On the up · 22 May 2017

Ginger: A startup social network for the millennial generation

startup social network
The startup social network aims to create real-life, useful connections for entrepreneurs

Phil Mossop was inspired to create a startup social network app after becoming frustrated with the lack of an efficient and reliable way to access local tech workers.

Mossop is somewhat of a serial entrepreneur – with a startup background that spans from East London restaurants to an online recycling business, he knows how valuable time is for fellow startup founders.

The new Ginger app makes digital introductions between entrepreneurs, freelancers and tech workers using a peer recommendation service. It bypasses clunky email formalities to allow users to directly message each other instantly through the app.

Business Advice sat down with Mossop to find out more about his hopes for the recently launched app and why it could be revolutionary for the next generation of entrepreneurs.

  1. Who are you and what’s your business?

My name is Phil Mossop and I’m the founder and CEO of Ginger, a networking app for the millennial generation.

Available on iOS and Android, Ginger allows its users to connect with each other based on their location and find people who may have the skills they need to help with a task or project.

Our main user base is entrepreneurs, freelancers and startup founders who are using the app to build their networks, hire temporary team members for projects, get advice, and even find investors and business partners.

  1. How long have you been around for?

We came up with the idea in 2015 as a result of frustrations we faced when growing another business. We were building an app for our customers and found it difficult to scope out developers and web designers who were local to us – even though we were surrounded by people on phones and laptops in a Shoreditch coffee shop.

I was certain that one of those people would have the skills we needed, and ended up asking what several people did for a living. After another round of coffee, two of them ended up working with us.

We spent a year in development and rebuilt the app twice along the way. We began beta testing our current version in November 2016, which is now available to download.

Startup social network
Ginger enables users to connect with people based on where they live, work or visit
  1. How do you make money?

The app is available for free. Whilst we have some ideas for future monetisation, at this stage we are more interested in building an app which is genuinely useful for our customers.

  1. What makes your startup social network different and why should people take notice?

Ginger was created to address the genuine problem we faced when trying to find other local people to collaborate with, talk to and ultimately bring on board for projects.

We’re using the medium of mobile apps to attract our users, but our primary objective is to help people make real-life, useful connections.

We set ourselves a goal that we would build our own employee base entirely through referrals and connections we made through the app – and so far, it’s working.

  1. What was key in terms of getting started?

Finding the time to do the groundwork. We spent months wire-framing concepts, testing out ideas and even building small parts of the app before heading back to the drawing board.

Like many startups, we had other demands on our time, so it was a challenge to find the hours to get the project moving. Once we did, however, it began to develop momentum very quickly.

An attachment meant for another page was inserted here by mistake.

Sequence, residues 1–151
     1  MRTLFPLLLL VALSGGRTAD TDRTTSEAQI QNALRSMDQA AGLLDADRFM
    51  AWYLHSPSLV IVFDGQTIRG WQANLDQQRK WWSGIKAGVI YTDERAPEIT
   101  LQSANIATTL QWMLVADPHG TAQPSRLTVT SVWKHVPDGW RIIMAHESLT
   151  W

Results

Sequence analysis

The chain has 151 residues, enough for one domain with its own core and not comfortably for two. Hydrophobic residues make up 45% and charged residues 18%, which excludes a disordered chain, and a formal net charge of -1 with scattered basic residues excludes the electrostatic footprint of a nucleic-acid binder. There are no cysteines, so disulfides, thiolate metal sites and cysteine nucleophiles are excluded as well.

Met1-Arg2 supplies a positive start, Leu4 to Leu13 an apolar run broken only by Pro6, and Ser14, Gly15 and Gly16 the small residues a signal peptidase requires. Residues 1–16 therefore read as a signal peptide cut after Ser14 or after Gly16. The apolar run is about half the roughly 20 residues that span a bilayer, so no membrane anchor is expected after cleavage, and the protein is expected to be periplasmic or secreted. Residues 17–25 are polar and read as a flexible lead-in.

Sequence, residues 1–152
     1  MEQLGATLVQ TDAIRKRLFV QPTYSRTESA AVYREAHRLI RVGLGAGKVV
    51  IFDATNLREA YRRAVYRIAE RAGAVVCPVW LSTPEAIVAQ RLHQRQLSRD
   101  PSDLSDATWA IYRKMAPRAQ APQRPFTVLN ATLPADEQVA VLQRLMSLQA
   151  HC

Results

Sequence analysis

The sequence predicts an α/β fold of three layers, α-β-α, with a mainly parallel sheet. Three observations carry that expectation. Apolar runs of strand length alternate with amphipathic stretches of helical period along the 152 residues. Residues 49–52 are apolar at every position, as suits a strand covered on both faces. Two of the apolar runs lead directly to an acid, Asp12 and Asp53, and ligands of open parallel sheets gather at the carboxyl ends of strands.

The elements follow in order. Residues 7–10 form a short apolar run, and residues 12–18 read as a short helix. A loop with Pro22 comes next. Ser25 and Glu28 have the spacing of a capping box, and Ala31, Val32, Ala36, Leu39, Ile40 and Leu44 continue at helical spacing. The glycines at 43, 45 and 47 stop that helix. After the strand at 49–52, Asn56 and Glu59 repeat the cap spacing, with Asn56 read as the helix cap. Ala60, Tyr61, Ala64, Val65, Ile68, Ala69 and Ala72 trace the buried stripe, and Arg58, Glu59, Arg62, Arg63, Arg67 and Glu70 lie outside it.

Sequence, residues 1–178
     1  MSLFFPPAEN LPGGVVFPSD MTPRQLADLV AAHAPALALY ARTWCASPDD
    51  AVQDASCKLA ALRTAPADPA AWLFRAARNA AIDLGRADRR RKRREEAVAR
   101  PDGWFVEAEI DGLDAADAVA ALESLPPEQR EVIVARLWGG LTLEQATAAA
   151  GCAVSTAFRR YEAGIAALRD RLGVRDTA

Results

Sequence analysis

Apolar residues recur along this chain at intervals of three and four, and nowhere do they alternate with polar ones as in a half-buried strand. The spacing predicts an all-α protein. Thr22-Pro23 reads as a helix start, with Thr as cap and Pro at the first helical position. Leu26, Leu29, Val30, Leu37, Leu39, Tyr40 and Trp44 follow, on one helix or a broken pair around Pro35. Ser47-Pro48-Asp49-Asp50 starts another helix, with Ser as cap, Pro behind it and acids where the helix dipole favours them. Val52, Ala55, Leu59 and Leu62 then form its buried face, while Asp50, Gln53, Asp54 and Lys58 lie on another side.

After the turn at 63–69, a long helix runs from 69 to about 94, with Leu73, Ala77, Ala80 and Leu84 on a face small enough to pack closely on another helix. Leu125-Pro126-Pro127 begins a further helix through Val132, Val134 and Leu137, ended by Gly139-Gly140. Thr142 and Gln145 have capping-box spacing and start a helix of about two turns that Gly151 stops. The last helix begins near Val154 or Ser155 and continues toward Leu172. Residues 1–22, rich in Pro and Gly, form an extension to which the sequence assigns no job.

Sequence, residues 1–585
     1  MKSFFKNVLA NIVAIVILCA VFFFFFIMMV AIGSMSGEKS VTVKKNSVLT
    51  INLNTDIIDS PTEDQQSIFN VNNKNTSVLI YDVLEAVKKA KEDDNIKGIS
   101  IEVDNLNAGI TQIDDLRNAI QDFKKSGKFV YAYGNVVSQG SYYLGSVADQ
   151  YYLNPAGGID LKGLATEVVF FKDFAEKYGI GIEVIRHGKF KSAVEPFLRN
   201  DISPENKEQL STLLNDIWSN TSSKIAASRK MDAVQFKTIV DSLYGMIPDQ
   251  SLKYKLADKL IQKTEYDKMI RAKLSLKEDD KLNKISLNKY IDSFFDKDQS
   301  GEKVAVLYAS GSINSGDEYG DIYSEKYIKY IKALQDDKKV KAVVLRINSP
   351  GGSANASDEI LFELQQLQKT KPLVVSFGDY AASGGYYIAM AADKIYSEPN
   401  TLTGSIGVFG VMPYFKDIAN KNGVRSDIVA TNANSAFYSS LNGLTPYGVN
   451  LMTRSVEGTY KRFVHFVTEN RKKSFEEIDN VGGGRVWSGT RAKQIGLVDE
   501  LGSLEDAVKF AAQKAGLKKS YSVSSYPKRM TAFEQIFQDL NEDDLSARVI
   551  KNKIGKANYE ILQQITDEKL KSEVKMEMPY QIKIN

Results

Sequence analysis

1. What’s your biggest achievement to date?

Launching the third version of the app, for sure. After the second attempt still not impressing users, it was touch and go as to whether we had the time, energy and confidence to try again.

We decided to stick with it and spent three months rebuilding the app. So far, the response has been really positive.

Phillip Mossop
Ginger founder Philip Mossop
  1. What setbacks have you had along the way?

The failure of the first two launches really took the wind out of our sails. Entrepreneurs are often polarised as either eternal optimists or pessimists – as the former, I have a habit of convincing myself that each version was “the one”!

Luckily, that eternal optimism also allows you to quickly move past any setbacks and, hopefully, learn from previous mistakes.

  1. In five years’ time, I will be…

Almost certainly grey. But still optimistic!

  1. What one tip would you give to others starting out?

Get up and go again. Particularly when building an app, there will be several versions before the official launch and even after that, you’ll still be ironing out the kinks.

It can be demotivating at times, but with a clear end-goal in sight and a good team, you’ll get there.

  1. Who are your business heroes and why?

Elon Musk, for his ability to think in such world-changing terms. But that’s an obvious answer.

My real heroes are the people who get up each day and do their bit for the world – there are so many solopreneurs, non-profits and freelancers who are not trying to build the next conglomerate but, instead, are championing causes such as sustainability and equality.

That’s the future, as far as I’m concerned. A new wave of conscious capitalism that seeks to be transparent, fair and focused on people and the environment as much as on profit.

If you’ve been inspired by Ginger’s startup social network, find out how to make your mark and stand out  in the app store

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ABOUT THE EXPERT

Simon Caldwell is deputy editor at Business Advice. He has a BA in politics and communications from the University of Liverpool, and has previously worked as a content editor in local government and the ecommerce industry.

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